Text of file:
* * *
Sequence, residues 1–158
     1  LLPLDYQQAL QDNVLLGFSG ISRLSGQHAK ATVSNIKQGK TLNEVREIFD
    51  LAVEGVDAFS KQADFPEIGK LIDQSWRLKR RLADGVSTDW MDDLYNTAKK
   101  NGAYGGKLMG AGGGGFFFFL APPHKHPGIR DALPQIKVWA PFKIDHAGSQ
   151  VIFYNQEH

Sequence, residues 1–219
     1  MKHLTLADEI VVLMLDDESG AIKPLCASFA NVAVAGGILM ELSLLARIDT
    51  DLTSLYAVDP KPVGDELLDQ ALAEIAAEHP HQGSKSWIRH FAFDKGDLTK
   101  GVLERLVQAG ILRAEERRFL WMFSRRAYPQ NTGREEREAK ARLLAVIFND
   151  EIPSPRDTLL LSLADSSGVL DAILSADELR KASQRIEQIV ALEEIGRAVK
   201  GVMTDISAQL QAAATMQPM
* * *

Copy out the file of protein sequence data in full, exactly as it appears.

Sequence, residues 1–158
     1  LLPLDYQQAL QDNVLLGFSG ISRLSGQHAK ATVSNIKQGK TLNEVREIFD
    51  LAVEGVDAFS KQADFPEIGK LIDQSWRLKR RLADGVSTDW MDDLYNTAKK
   101  NGAYGGKLMG AGGGGFFFFL APPHKHPGIR DALPQIKVWA PFKIDHAGSQ
   151  VIFYNQEH

Sequence, residues 1–219
     1  MKHLTLADEI VVLMLDDESG AIKPLCASFA NVAVAGGILM ELSLLARIDT
    51  DLTSLYAVDP KPVGDELLDQ ALAEIAAEHP HQGSKSWIRH FAFDKGDLTK
   101  GVLERLVQAG ILRAEERRFL WMFSRRAYPQ NTGREEREAK ARLLAVIFND
   151  EIPSPRDTLL LSLADSSGVL DAILSADELR KASQRIEQIV ALEEIGRAVK
   201  GVMTDISAQL QAAATMQPM